``Borderline'' is one of the most crappy I've ever heard. Benedetti's vocal sucked on this one. But it added some, uh, exoticity to the song. So it is about 7 on a scale of 10. He did a good job on ``Horse in a Smelter,'' though.

Too bad no one filmed ``The Moon.'' Benedetti was awesome. He should have attacked the credit card clerks too. He did?

I forgot what the joyful new song was called. But it was cool. Maybe one of the best after those in EIWY.

Among the first few songs Matters played, Mr. Bicyclist was the best. He did cool jobs on other songs too. Radford kept the band running by providing great percussion and did a great job on Mr. Bicyclist.

Dunn is the ``strong and silent type,'' except for his excellent sax and (?, the other instrument). In the field of musical technique, he is the best in SU.

Also, the microphone for Dunn was too loud, squeezebox microphone too soft, and Hofer's amplifier just sucked. If it wasn't for that, Hofer will get a better chance to show off her talent. Otherwise this was a great mix.

I am looking forward to SU's publishing of the recording of this concert, and also to the next concert on Saturday.

Alan McConchie:

Okay, I came in at the end of Groping Ayn Rand, which was pretty cool . . . I don't remember if it was any better than the last time I heard it live . . . has this been recorded in the studio yet?

You'll be Alone When I Throw You in Jail

This ruled, but then again it pretty much always does. Nothing too unique this time. The metal on the drum set was pretty neat sounding. The part where the audience is supposed to yell ``Jail'' kinda flopped, as usual . . . people never seem to keep going after Mike stops prompting. The band says it actually worked at the Midnight Pop Fest or whatever.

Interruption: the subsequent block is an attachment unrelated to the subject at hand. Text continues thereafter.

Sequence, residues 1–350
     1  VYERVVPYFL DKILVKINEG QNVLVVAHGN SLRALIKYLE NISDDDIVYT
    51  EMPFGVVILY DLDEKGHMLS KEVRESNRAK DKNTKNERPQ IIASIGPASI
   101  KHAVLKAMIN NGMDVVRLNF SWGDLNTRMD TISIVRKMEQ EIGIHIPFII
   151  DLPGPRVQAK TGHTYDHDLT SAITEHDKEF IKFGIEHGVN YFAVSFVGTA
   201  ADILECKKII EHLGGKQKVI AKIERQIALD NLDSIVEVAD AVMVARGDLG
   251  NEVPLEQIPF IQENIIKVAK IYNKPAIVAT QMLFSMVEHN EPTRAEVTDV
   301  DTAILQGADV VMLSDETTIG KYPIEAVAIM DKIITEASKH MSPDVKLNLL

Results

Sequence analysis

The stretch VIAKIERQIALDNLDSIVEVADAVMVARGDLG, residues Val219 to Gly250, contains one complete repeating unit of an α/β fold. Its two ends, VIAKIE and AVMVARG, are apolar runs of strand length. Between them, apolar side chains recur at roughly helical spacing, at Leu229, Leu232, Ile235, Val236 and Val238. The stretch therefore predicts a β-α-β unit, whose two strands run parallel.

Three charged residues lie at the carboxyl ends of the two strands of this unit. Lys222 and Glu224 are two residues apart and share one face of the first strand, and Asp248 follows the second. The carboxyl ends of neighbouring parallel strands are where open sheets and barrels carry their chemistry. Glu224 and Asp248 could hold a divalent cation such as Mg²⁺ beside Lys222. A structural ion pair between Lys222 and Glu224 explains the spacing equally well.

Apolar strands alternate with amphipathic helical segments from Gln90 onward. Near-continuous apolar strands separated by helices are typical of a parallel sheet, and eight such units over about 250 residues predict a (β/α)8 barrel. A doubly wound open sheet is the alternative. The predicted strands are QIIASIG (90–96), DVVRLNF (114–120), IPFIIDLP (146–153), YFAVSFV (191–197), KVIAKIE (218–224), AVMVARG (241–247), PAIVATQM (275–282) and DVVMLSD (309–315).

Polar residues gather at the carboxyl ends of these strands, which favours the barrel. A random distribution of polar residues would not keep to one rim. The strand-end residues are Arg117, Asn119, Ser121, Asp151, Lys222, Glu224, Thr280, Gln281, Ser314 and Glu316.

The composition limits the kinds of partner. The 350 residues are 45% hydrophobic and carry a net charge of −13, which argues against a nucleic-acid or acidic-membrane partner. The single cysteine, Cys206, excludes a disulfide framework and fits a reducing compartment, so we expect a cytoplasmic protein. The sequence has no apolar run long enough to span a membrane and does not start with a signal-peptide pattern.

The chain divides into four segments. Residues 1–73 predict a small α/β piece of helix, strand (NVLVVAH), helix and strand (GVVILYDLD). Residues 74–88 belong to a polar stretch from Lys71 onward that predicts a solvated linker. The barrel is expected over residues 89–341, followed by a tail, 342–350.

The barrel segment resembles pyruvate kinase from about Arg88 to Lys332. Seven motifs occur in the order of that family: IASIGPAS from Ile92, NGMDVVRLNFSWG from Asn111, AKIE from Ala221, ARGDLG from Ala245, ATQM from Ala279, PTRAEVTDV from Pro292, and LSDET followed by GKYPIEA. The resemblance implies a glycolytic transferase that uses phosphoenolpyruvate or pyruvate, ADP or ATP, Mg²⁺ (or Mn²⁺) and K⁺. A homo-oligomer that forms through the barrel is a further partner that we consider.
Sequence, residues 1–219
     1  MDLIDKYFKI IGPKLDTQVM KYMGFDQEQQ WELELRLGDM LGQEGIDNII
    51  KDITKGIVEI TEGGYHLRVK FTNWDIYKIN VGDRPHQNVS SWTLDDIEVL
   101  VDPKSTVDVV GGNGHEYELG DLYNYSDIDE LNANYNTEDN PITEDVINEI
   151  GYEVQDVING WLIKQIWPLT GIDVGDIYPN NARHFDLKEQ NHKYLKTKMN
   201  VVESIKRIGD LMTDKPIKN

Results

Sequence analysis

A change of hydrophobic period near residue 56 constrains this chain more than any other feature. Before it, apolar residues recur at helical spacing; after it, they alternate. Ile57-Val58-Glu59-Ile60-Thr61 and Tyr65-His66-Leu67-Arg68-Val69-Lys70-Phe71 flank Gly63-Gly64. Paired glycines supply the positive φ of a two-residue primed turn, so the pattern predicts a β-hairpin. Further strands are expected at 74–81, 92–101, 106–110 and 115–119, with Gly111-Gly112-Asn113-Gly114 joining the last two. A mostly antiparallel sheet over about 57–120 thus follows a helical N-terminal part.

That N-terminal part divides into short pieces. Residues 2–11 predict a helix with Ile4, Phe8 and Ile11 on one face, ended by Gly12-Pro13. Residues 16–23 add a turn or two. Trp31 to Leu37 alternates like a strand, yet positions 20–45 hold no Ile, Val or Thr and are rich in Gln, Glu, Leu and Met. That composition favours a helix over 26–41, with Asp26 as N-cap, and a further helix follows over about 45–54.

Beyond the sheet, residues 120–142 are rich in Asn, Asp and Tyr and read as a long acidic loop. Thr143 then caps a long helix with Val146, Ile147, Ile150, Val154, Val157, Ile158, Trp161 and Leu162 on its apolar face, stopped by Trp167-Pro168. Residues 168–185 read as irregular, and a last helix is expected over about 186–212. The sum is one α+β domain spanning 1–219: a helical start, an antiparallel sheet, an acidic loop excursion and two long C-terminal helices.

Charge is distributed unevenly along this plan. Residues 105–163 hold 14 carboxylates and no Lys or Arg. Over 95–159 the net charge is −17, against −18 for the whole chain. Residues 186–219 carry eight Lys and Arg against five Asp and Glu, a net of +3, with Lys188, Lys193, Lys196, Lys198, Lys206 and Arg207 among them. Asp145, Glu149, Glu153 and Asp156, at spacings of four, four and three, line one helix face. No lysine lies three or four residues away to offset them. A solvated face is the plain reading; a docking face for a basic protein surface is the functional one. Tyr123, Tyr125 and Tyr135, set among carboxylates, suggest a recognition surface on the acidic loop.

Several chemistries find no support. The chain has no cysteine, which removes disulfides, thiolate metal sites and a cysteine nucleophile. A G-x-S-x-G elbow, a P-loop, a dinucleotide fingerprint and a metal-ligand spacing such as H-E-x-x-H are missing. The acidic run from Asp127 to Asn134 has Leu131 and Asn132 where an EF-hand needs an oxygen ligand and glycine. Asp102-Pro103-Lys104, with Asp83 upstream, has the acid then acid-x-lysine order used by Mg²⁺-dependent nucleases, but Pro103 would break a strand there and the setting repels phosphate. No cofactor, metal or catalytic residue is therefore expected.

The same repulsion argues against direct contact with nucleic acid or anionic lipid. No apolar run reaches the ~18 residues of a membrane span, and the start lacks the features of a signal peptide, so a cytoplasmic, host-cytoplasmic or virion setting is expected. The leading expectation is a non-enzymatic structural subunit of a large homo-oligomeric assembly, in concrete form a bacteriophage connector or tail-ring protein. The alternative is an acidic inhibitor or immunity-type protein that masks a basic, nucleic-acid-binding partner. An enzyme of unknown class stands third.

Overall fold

This was pretty cool, considering it was the first time they'd done it in years, and the first without Jon. The drums and sax overpowered the accordion a bit, and everyone was a bit disoriented. The song was saved by Benedetti's passionate vocals, which seemed to keep the audience pretty excited . . . he's gotta try to put this much energy into the older stuff like Horse, which he seems to be just sleepranting through these days.


1776 remade as a more standard self-referential rap thang. Pretty cool, apparently with some weird nerd references or something. Might develop into something cool, but sorta stale now. Doesn't have the humor of 1776 which really carried it.

Mr. Bicyclist!

Pretty awesome version. No keyboard, just accordion and Geoff doing the middle section ``beatbox'' style. They used the Ed Lover Dance music, which rewled. I don't remember if they'd ever done this before . . . I doubt I woulda missed it.

Next came a few abortive attempts at some Skynrd songs . . . seems like a total flop, even if the flopping was deliberate. Sometime around this point Godot came up out of the audience and started playing, which was cool, even if he seemed to have forgotten how to play after so long.